Monday we displayed post counts. Well, what about taxonomies? That’s a little more complicated, I’m afraid.

Posts are easy. You pick a post type, you display the number of published posts, you walk away. Taxonomies though are a mixed bag. By default you have categories (category) and tags (post_tag) and inside them, you have terms. For example ‘Uncategorized’ is a category. The problem is that to check if a taxonomy exists (and display a post count), you have two have both the taxonomy name and the term name.

While you think you could just write a loop ‘If the term name isn’t in categories, it’s in tags!’ the reality is that anyone can add any taxonomy and, worse, term names aren’t unique. It’s ironic here, because I desperately wanted term names and slugs to not be unique. I wanted to have a tag for ‘random’ and a category for ‘random’ and they all have the same slug names. So here I am now, realizing I’ve set myself up for disaster.

The options are simple:

  1. Force people to use term and taxonomy
  2. Somehow be clever

I went with option 2. Allow people to use term and taxonomy, but if they don’t, find the first instance and go for it.

The Code

// [numtax term="term_slug" taxonomy="tax_slug"]
function numtax_shortcode( $atts ) {
	$attr = shortcode_atts( array(
		'term'     => '',
		'taxonomy' => '',
	), $atts );

	// Early Bailout
	if ( is_null($attr['term']) ) return "n/a";

	$the_term = sanitize_text_field( $attr['term'] );
	$all_taxonomies = ( empty( $attr['taxonomy'] ) )? get_taxonomies() : array( sanitize_text_field( $attr['taxonomy'] ) );

	//$all_taxonomies = get_taxonomies();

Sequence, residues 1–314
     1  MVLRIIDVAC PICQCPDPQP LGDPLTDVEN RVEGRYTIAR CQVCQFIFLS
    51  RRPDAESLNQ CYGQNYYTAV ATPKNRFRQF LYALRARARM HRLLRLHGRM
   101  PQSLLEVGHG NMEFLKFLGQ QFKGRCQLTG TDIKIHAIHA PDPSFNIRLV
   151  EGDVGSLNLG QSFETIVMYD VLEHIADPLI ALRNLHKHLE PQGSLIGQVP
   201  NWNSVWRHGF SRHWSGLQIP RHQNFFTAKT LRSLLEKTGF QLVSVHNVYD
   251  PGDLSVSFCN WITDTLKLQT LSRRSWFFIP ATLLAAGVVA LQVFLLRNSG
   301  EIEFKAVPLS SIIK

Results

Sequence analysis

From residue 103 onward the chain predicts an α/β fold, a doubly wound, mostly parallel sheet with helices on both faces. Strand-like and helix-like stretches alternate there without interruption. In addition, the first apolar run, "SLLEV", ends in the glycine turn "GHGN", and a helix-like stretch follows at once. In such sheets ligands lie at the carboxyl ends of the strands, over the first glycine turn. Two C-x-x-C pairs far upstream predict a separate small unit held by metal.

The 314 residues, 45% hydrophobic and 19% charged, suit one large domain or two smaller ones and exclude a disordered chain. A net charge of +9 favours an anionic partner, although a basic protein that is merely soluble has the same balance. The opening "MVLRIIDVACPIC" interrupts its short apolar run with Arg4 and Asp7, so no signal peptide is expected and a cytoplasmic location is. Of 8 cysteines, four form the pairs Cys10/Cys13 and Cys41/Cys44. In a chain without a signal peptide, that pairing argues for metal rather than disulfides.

foreach ( $all_taxonomies as $taxonomy ) {
	    $does_term_exist = term_exists( $the_term, $taxonomy );

	    if ( $does_term_exist !== 0 && $does_term_exist !== null ) {
		    $the_taxonomy = $taxonomy;
	    } else {
		    $the_taxonomy = false;

	// If no taxonomy, bail
	if ( $the_taxonomy == false ) return "n/a";

	$to_count = get_term_by( 'slug', $the_term, $the_taxonomy );

	return $to_count->count;

add_shortcode( 'numtax', 'numtax_shortcode' );

There are two moments where I bail out early. If they forgot to put in a term, display “N/A”. The same if we get all the way to the end and there was no found taxonomy.

Also if someone puts in a taxonomy, I treat it as an array in order to be lazy and not repeat myself. Good coding doesn’t repeat, so since I have to loop the array of found taxonomies in order to find the matchup, I may as well use it once to find the same data when I know what I have.

I admit, I was really excited here since I finally got to use ternary operations. I’ve known how they work for ages, but I never had a moment where it was so obvious to use them.

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